“Looking at overall funding activity in [fiscal year] 2022 and [fiscal year] 2023, the Board has approved about $11.5 million in funding across many different funding streams,” said Dr. Stacy Pethia. 

Pethia said those funds represent assistance for around 2,000 households or individuals with help manifesting in many forms including contributing to the preservation of existing housing as well as shelter for victims of domestic violence. 

All of this stems from the adoption of Housing Albemarle in July 2021 as part of the Comprehensive Plan. 

Around a third of that $11.5 comes from the Housing Fund Reserve and there were two additional requests before Supervisors on November 2.  

“The first is from the Blue Ridge Coalition for the Homeless and that is in the amount of $200,000 and this is to support the continuation of emergency shelter services at Premier Circle,” Pethia said.

Premier Circle is a half-moon shaped road off of U.S. 29 that contains the former Red Carpet  Inn. The Piedmont Housing Alliance bought the 3.7 acre property in March 2021 for a project involving Virginia Supportive Housing to eventually build a total of 140 units, 80 of which would provide support services to its residents. 

During the pandemic, congregate shelters for the homeless were too dangerous and the existing motel has been used as an emergency option and operated by the group People and Congregations Engagement in Ministry (PACEM). 

“Those individuals experiencing homelessness who have health issues that put them at high risk of complications due to any COVID-19 infection,” said Dr.Pethia. “This gave the the space to remain safely housed.”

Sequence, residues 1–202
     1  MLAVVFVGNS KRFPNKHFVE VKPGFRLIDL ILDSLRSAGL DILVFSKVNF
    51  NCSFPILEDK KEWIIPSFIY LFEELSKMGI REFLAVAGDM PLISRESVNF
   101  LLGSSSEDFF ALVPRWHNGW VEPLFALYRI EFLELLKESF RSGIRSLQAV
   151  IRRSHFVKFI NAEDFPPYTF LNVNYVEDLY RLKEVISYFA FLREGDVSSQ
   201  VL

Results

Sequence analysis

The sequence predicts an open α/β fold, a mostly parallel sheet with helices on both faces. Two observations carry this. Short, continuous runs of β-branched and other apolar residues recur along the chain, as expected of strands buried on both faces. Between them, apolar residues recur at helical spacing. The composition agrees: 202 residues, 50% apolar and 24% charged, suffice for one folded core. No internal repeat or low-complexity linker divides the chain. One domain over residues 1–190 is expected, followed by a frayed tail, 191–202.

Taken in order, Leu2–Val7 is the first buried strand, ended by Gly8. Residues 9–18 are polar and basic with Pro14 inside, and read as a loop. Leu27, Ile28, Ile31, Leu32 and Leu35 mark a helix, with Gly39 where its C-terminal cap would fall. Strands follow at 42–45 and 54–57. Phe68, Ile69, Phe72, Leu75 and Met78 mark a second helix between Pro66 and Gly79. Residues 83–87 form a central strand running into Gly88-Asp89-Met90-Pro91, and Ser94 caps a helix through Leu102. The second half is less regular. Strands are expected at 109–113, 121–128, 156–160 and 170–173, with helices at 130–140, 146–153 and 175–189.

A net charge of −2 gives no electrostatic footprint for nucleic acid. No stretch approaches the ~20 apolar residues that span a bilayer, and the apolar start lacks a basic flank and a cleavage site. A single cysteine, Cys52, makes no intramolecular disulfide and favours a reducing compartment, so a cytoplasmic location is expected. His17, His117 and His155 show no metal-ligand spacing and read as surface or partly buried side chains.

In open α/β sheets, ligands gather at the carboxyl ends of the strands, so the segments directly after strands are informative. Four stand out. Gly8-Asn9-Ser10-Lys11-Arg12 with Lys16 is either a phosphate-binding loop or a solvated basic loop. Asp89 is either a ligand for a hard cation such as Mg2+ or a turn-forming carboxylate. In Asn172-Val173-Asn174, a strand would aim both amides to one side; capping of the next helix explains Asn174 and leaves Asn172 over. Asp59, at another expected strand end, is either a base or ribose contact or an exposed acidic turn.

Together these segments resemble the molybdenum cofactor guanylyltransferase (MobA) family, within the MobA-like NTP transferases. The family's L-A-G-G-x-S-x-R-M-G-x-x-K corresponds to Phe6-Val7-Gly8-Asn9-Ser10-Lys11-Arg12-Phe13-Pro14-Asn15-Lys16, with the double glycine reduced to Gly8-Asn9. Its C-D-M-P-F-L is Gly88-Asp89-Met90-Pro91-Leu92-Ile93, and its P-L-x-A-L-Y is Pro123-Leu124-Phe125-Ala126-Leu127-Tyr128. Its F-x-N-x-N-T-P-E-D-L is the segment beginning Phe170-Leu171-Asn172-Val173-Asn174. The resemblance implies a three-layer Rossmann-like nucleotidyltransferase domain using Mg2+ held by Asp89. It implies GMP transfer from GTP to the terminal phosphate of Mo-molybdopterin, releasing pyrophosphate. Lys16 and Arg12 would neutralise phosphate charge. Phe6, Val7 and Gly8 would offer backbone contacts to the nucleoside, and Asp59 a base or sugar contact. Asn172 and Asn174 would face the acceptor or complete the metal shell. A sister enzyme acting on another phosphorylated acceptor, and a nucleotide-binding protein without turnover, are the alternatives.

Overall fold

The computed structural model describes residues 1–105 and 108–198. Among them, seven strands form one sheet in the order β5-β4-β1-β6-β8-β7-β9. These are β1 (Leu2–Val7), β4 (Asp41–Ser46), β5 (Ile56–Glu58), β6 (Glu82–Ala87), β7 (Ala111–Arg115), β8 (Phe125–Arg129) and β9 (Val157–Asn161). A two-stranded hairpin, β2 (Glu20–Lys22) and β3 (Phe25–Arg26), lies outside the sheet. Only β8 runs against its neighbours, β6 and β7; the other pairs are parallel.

Albemarle County has contributed $600,000 to the initiative so far. Virginia Supportive Housing hopes to break ground next spring, but until then, the plan is to keep using the former motel rooms until then. Both Albemarle and Charlottesville have been asked to contribute an additional $200,000 to cover January through April for the 84 residents who are currently there.

“Eighty-one of those residents have housing plans,” Pethia said. “In other words they have a plan to move them into permanent housing. Extending the shelter services through the end of April provides the time to move those individuals into their permanent homes.” 

Supervisor Diantha McKeel asked for more information about what services will be provided to residents.

“Mainly it is housing focused case management is the best way to talk about it,” said Anthony Haro, the executive director of the Blue Ridge Coalition for the Homeless. “Main goal is to try to help people stabilize, provide basic needs, and connection to community resources whether that’s through primary health care, mental health care, connection to employment services, and financial literacy. It covers a whole range with the goal of helping someone transition out.”

Haro said various groups are searching for a permanent year-round shelter and options are being pursued. He said a stakeholder meeting will be held on December 2 to discuss funding but there are no specific sites identified just yet.

The second request was from Habitat for Humanity of Greater Charlottesville for $84,000 in matching funds for a U.S. Department of Housing and Development grant. 

“It would help support the construction of four additional homeownership units,” Pethia said. “Two of those units would be built in the Lochlyn Hills community and an additional two units would be built in Old Trail.”

Supervisors approved both requests. 

New strains of COVID monitored

The beginning of the holiday season comes renewed concern about infectious diseases spread through airborne contact and epidemiologists across the world and at the University of Virginia continue to monitor potential waves of respiratory illness including COVID-19. 

“What we’ve seen recently is the emergence of a number of different variants,” said Dr. Costi Sifri, director of hospital epidemiology at UVA Health. “There are sublineages of Omicron that have for the first time now sort of collectively become larger in terms of a portion of cases than BA.5 which was the dominant COVID strain for some months now, for much of summer and here into the fall.”